Bonnie Brody's Reviews > Serena

Serena by Ron Rash
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Mar 07, 12

Read in February, 2009

This novel opens with a bang. Pemberton brings his new wife, Serena, home to Appalachia and his logging camp. Waiting for him as the train stops is the father of the young woman who is pregnant with Pemberton's child. The girl's father plans to kill Pemberton as his pregnant daughter watches. Things turn out differently, however. Pemberton, with the blessing of his wife Serena, duels with the father and kills him. Serena gives the daughter the knife from her father's body and tells her that she will never get any help from them for her child.

The book progresses as the couple builds a logging empire, razing the land all around them to stumps and polluting the environment. This is told in the back-drop of the Great Depression and FDR's starting up of National Parks. Naturally, the Pembertons are opposed to parks and they buy up all the land they can to log while buying off all the people they can to turn the outcomes in their favor. Those in their way, they kill or have killed. There is no compassion forthcoming from these two.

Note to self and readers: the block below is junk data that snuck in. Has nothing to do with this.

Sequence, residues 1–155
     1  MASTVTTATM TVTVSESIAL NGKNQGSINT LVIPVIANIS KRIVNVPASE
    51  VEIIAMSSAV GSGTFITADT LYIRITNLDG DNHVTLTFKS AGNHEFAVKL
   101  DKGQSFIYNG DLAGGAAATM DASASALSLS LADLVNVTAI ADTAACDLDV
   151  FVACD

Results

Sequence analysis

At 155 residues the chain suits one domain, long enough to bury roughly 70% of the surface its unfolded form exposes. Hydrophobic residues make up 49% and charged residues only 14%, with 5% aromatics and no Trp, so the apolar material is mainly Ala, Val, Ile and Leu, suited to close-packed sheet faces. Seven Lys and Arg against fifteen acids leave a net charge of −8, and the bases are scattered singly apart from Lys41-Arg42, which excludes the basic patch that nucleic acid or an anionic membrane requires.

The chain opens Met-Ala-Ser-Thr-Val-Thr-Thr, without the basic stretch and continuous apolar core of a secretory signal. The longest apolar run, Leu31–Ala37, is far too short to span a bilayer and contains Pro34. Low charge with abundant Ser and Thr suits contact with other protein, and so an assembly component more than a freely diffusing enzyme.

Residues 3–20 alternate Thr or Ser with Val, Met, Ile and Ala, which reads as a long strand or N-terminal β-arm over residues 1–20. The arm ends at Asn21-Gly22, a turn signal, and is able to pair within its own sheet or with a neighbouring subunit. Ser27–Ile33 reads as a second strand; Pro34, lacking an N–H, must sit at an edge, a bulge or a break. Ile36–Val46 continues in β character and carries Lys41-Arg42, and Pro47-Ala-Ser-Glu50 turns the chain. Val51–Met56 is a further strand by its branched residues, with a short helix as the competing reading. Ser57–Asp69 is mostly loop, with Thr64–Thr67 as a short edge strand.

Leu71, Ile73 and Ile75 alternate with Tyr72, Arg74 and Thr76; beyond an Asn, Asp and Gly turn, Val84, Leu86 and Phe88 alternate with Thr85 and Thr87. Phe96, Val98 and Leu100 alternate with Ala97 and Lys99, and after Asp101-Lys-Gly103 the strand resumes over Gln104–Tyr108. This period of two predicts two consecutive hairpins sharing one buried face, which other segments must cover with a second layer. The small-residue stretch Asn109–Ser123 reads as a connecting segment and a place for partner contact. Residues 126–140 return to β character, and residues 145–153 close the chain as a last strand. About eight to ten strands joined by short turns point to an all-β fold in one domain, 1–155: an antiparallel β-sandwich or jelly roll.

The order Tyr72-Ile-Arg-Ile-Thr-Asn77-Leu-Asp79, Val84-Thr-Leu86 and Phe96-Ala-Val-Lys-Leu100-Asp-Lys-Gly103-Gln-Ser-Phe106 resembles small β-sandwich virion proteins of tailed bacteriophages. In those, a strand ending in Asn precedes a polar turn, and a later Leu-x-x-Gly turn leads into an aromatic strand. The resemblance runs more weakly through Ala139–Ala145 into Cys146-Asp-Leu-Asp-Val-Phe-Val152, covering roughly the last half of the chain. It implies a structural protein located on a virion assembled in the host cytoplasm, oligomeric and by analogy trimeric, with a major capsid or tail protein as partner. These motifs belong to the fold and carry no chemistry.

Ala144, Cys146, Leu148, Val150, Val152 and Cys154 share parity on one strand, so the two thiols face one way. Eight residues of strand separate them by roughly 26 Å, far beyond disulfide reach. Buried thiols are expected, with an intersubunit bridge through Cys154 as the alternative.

Many others die due to the horrible conditions in the logging camp. As soon as someone is injured they are fired and replaced. If they die, the next person waiting for a job gets hired. There is no compensation and certainly no compassion. Everyone is expendable to the Pembertons.

Even in love there is a visage of portending evil. Serena wants Pemberton to be satisfied in life with only her - the two of them together against the world. She describes their lovemaking as 'annihilation'. This is symbolic of the two of them needing only one another and the rest of the world being expendable if they do not fit into Serena and Pembertan's plans. Unfortunately, Serena can not produce an heir and she begins to worry whether Pemberton is secretly helping his illegitimate son and his mother.

Serena goes around on her white Arabian horse with an Eagle trained to kill rattlesnakes and other enemies. As she begins to suspect that Pemberton might have some interests that are not solely her, the balance of love and power begin to shift.

I found this a powerful book, beautifully written with wonderfully developed characterization. The sense of time and place is superb. I highly recommend this book.
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